Nai-Ni Chen/Ahn Trio Collaboration
Friday December 5, 2010 - Nai-Ni Chen Dance Company and the Ahn Trio have joined to present an evening of dance and live music at Harlem School of the Arts. Read about our first encounter with Nai-Ni Chen's company here, and a recent rehearsal here. Photo above: dancer Wei Yao.
There are two more performances of this programme: Saturday evening December 4th and Sunday matinee December 5th. For information: 800-650-0246.
The collaborative presentation is entitled Temptation of the Muses. The Ahn Trio opened this well-paced evening with a dynamic rendition of David Balakrishnan's Skylife. The three sisters - violinist Angella, cellist Maria and pianist Lucia - are leading proponents of contemporary classical music. Following this prelude, they embarked on the Pat Metheny score for the first of five new Nai-Ni Chen choreographic creations: Yu Ryung.
This work opens with a solo for Jamison Goodnight (above) danced with an intense lyricism that keeps the viewer entranced. The other dancers of Nai-Ni's company - Saki Masuda, Ekaterina Chernikova, Riyo Mito, Jung Hm Jo, Wei Yao and Justin Lynch - appear in this ensemble piece of flowing combinations...
...and quietly ecstatic partnering motifs (Ekaterina & Wei, above).
The music of composer Kenji Bunch was a central element of the programme. The first of Kenji's works to be heard was Dies Irae. a brief spirtual work played by the Ahn Trio. The stage was then set for the longest and most complex work of the evening: Concrete Stream.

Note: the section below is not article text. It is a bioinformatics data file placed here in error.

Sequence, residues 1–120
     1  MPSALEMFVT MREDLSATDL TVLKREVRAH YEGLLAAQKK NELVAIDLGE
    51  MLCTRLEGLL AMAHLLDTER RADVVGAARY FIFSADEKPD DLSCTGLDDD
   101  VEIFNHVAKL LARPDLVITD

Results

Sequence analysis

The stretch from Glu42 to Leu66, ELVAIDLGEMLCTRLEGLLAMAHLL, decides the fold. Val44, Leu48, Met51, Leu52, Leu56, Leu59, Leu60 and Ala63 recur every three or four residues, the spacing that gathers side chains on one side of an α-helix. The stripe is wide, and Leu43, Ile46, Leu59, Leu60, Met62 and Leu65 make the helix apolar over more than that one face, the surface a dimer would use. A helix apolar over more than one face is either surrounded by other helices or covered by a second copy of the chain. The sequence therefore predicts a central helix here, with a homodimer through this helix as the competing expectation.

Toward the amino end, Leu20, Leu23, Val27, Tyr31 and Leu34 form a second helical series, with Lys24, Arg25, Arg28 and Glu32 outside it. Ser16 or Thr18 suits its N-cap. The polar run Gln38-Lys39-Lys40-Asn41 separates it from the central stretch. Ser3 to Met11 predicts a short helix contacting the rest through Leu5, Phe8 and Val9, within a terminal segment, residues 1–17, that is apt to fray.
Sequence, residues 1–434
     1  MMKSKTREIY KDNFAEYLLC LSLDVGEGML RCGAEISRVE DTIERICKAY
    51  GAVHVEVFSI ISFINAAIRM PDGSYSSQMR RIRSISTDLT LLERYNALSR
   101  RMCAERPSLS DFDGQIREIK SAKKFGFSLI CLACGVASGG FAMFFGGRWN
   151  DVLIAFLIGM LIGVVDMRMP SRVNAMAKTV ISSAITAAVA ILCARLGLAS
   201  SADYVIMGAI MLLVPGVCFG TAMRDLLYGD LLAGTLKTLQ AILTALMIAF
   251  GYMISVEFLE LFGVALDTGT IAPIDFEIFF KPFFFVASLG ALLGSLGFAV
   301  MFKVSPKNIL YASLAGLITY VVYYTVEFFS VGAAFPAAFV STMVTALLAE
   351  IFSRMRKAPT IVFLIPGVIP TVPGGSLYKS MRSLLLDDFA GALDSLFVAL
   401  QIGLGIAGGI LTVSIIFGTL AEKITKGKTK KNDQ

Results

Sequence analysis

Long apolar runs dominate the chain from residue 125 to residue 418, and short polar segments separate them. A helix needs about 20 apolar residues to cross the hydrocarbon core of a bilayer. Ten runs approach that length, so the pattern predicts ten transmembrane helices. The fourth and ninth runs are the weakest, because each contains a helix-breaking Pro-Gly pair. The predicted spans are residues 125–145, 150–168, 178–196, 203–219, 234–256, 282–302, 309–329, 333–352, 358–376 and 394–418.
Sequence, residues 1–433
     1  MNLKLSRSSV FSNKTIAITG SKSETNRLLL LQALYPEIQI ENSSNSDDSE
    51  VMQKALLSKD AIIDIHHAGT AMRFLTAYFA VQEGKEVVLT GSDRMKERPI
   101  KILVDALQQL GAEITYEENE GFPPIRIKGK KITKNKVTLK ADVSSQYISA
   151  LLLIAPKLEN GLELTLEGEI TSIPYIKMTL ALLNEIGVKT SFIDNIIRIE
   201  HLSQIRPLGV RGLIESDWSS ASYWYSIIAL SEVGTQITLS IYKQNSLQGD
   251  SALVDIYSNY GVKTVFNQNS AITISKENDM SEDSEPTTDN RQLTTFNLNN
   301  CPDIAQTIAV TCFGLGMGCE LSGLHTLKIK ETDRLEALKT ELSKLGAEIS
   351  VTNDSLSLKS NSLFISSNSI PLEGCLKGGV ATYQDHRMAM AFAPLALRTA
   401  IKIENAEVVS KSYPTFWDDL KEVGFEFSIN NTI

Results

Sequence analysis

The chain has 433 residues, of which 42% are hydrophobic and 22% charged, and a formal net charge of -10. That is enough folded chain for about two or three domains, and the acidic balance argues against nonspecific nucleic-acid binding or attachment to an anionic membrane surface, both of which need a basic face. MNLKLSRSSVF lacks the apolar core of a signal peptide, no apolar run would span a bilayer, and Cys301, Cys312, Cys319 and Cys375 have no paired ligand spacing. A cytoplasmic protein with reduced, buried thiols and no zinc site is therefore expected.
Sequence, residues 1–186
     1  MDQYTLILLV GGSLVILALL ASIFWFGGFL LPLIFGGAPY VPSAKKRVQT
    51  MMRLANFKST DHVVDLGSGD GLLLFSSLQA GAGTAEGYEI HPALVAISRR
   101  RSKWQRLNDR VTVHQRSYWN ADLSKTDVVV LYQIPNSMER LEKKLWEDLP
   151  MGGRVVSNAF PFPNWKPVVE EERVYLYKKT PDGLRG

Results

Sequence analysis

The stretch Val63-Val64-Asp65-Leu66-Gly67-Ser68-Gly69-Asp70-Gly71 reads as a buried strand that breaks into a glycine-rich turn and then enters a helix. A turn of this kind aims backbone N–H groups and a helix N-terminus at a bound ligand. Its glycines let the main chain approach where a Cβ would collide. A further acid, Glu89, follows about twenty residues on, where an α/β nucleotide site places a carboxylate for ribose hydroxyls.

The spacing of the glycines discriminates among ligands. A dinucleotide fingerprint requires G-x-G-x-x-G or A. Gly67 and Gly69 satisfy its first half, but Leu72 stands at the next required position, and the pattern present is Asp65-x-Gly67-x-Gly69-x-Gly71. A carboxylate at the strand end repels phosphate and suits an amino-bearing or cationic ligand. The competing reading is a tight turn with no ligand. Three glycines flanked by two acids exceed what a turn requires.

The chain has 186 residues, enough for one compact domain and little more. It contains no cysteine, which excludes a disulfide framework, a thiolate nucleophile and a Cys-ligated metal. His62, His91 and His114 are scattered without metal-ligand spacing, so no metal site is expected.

In this work the excellent lighting by Joe Levasseur was an integral part of the performance. Click on the above image to enlarge. An illuminated font of water where the dancers bathed and annointed themselves gives the piece a rutualistic feel. The musicians became active participants: the cellist is seated alone in a pool of light...
...as the dancers move in and out of her sphere of influence. Above: Jamison Goodnight at the left with cellist Maria Ahn. Click on the above image to enlarge.
Partnered phrases: Jung Hm Jo and Riyo Mito (above). The baby grand became a source of both the music and the movement: dancers emerged from under the piano and later a bolt of silky cloth was unrolled...
...creating a waterway down which the violinist Angella Ahn slowly walked as the work came to an end.
Following a brief intermission four dancers in street clothes - Wei Yao, Jamison Goodnight, Saki Masuda and Justin Lynch - performed to a Ronn Yedidia score, the first of two Lullabies which were programmed. The Ahn Trio played two lively interludes from Kenji Bunch's 'danceband': Backstep and Disco Boogie. These bookended a gently lyrical duet entitled Lullabye for My Favorite Insomniac...
...danced with expressive tenderness by Ekaterina Chernikova and Jung Hm Jo (above).
In the concluding work, Grooveboxes, Nai-Ni Chen put aside her usual style of sweeping expansiveness in favor of a fast-paced, jazzy style to mirror Kenji's energetic score which was played with lively attack by the Ahn Trio.
Francisco Silvino (above) clad in sexy, fiery dancewear, was the lone male in this work. The four women in candybox colours are Ekaterina Chernikova, Saki Masuda, Riyo Mito and Jamison Goodnight.
Here are some of Kokyat's images from Grooveboxes:
Francisco Silvino and Riyo Mito
Composer Kenji Bunch and choreographer Nai-Ni Chen with the performers sharing the applause at the end of an impressive evening. Click on the image to enlarge.
With this programme, Nai-Ni Chen and her Company secured a top spot in my shortlist of dance groups to follow closely on my blog. Her choreography, her musical and stylistic expressiveness, and the beauty and spirit of her dancers are just the kind of thing I love to experience. And her East-meets-West fusion is wonderfully satisfying to the senses.
All photos: Kokyat
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